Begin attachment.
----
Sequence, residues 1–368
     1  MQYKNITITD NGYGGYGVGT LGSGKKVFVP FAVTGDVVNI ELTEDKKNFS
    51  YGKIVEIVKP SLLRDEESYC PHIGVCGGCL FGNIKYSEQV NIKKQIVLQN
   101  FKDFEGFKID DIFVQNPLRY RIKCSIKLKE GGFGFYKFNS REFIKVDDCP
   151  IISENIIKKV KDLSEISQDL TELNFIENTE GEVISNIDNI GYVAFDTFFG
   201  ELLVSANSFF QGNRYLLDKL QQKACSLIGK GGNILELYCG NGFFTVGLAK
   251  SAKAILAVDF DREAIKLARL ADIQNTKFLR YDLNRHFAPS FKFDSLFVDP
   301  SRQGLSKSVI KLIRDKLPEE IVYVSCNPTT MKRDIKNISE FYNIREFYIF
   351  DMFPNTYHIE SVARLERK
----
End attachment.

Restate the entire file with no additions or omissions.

Sequence, residues 1–368
     1  MQYKNITITD NGYGGYGVGT LGSGKKVFVP FAVTGDVVNI ELTEDKKNFS
    51  YGKIVEIVKP SLLRDEESYC PHIGVCGGCL FGNIKYSEQV NIKKQIVLQN
   101  FKDFEGFKID DIFVQNPLRY RIKCSIKLKE GGFGFYKFNS REFIKVDDCP
   151  IISENIIKKV KDLSEISQDL TELNFIENTE GEVISNIDNI GYVAFDTFFG
   201  ELLVSANSFF QGNRYLLDKL QQKACSLIGK GGNILELYCG NGFFTVGLAK
   251  SAKAILAVDF DREAIKLARL ADIQNTKFLR YDLNRHFAPS FKFDSLFVDP
   301  SRQGLSKSVI KLIRDKLPEE IVYVSCNPTT MKRDIKNISE FYNIREFYIF
   351  DMFPNTYHIE SVARLERK